Prior knowledge of the German attack enabled the Soviets to bring Operation Citadel to a halt. Part 2 tells the story of the Soviet counterattack during the Battle of Kursk.
Every type of tank goes through many changes occurring over their time of service. The Tiger I is no exception. Despite only 1346 being built there was a constant series of changes made during the two years the Tiger I was
The Tiger Collection features the memories of a number of veterans who fought in and against the Tiger. This short series takes a more detailed look at their experiences. This third post focuses on two British soldiers, Ernest Slarks and Ken
Although the gas turbine is a fairly old invention it does not appear to have been considered for tanks until about 1945, when the first prototype – on a Jagdtiger – was developed. Contrary to popular belief the first experimental
In the Tiger Collection you may notice that the exterior of the Jagdtiger and Production Tiger II have an unusual texture. This is Zimmerit – a protective layer to decrease the magnetic properties of the tank’s armour.
For the new Tiger Collection, The Tank Museum’s Jagdtiger and Tiger II with pre-production turret were repainted to show how they looked when they were captured in 1945. Both tanks are now painted in RAL 7028, known as Dunkelgelb.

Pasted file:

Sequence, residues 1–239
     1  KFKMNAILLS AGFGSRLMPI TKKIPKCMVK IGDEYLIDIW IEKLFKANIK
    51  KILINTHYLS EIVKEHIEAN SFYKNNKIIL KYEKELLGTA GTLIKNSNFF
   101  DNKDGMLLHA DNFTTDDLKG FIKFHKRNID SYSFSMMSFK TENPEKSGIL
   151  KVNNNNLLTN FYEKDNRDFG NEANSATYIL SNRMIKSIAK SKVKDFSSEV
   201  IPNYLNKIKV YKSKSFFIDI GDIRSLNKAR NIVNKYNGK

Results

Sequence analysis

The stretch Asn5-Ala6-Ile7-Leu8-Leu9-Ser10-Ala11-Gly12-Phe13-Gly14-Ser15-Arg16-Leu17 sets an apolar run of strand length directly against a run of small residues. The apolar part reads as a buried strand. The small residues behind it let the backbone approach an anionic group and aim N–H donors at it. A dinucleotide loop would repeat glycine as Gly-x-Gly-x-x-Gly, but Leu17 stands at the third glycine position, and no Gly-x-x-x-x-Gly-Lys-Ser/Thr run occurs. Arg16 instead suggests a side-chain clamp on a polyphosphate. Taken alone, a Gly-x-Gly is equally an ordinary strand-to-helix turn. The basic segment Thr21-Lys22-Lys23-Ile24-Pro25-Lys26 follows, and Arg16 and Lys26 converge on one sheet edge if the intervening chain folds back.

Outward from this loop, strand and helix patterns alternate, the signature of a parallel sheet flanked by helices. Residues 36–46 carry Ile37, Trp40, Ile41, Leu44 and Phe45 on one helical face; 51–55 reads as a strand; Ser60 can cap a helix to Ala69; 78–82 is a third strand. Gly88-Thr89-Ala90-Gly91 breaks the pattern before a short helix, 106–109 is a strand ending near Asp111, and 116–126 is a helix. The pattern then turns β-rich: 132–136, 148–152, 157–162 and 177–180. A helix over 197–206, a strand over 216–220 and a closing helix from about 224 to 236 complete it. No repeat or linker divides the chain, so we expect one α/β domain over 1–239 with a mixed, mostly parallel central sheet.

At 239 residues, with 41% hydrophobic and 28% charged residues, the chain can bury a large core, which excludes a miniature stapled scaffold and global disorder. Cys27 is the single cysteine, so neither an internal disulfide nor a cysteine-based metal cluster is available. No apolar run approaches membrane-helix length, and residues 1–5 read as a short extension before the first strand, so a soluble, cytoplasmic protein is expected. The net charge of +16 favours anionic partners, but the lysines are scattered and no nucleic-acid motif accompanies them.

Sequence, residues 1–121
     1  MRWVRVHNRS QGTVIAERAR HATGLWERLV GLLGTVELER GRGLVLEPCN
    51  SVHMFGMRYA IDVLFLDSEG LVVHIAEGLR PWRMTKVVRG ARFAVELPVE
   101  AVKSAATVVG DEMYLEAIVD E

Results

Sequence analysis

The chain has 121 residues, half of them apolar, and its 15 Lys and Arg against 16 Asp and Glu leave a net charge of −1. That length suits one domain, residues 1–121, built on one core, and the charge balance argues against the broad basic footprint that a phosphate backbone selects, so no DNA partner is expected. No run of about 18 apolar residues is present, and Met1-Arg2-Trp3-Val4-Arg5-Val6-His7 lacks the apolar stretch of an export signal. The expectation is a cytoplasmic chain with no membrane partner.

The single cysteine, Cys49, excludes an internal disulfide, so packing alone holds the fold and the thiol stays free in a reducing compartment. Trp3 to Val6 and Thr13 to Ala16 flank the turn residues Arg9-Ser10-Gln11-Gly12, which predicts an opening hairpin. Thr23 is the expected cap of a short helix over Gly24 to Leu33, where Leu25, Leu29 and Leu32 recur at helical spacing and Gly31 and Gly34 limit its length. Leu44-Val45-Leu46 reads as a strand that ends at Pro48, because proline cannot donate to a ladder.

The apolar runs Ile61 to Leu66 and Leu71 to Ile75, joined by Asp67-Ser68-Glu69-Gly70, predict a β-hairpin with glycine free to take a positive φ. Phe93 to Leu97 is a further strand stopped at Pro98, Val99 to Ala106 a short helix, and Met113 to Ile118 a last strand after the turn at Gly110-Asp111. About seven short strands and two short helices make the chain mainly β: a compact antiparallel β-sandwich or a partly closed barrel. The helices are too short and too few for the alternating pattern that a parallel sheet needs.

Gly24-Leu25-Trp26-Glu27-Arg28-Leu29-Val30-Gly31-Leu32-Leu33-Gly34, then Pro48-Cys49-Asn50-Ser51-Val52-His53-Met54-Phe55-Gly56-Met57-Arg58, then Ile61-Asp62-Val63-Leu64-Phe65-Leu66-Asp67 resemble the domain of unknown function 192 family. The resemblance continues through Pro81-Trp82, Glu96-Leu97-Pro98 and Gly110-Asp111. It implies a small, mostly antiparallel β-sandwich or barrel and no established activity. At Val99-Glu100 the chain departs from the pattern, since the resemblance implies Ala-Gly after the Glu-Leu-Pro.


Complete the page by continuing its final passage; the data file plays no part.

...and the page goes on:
The Tiger II with Production turret on display in the Tiger Collection was built in July 1944 by Henschel and given Fahrgestell Nummer (chassis number) 280093.
In 2008 the US Army Ordnance Museum gave the Elefant a cosmetic restoration, filmed as part of the Canadian documentary series Tank Overhaul. This is the first part of the 50 minute programme. Click here to watch Part 2.
While Tiger 131 was the first intact Tiger I to be taken back to Britain, it was not the first to be knocked out. This occurred several months earlier, by the 17th/21st Lancers.
David Fletcher looks into the story of one of the first Tiger II (King Tiger) being knocked out in Le Plessis Grimoult, using only luck and a two inch mortar.